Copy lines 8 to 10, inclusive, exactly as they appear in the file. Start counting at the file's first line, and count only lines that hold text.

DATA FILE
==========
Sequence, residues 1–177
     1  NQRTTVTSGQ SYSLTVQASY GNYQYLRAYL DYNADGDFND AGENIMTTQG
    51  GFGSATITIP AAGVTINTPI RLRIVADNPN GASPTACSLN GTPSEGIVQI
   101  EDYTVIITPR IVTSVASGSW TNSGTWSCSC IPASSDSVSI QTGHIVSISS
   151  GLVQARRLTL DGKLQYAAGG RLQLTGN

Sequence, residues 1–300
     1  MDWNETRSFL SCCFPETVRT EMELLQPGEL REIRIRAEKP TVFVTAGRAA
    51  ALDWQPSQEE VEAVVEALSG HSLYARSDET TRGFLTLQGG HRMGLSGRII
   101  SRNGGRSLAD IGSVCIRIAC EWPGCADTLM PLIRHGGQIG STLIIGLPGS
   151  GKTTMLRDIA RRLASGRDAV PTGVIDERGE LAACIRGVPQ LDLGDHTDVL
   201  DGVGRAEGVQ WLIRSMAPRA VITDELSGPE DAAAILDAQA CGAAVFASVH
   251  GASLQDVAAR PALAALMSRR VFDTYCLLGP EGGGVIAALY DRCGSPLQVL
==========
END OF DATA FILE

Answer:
    51  ALDWQPSQEE VEAVVEALSG HSLYARSDET TRGFLTLQGG HRMGLSGRII
   101  SRNGGRSLAD IGSVCIRIAC EWPGCADTLM PLIRHGGQIG STLIIGLPGS
   151  GKTTMLRDIA RRLASGRDAV PTGVIDERGE LAACIRGVPQ LDLGDHTDVL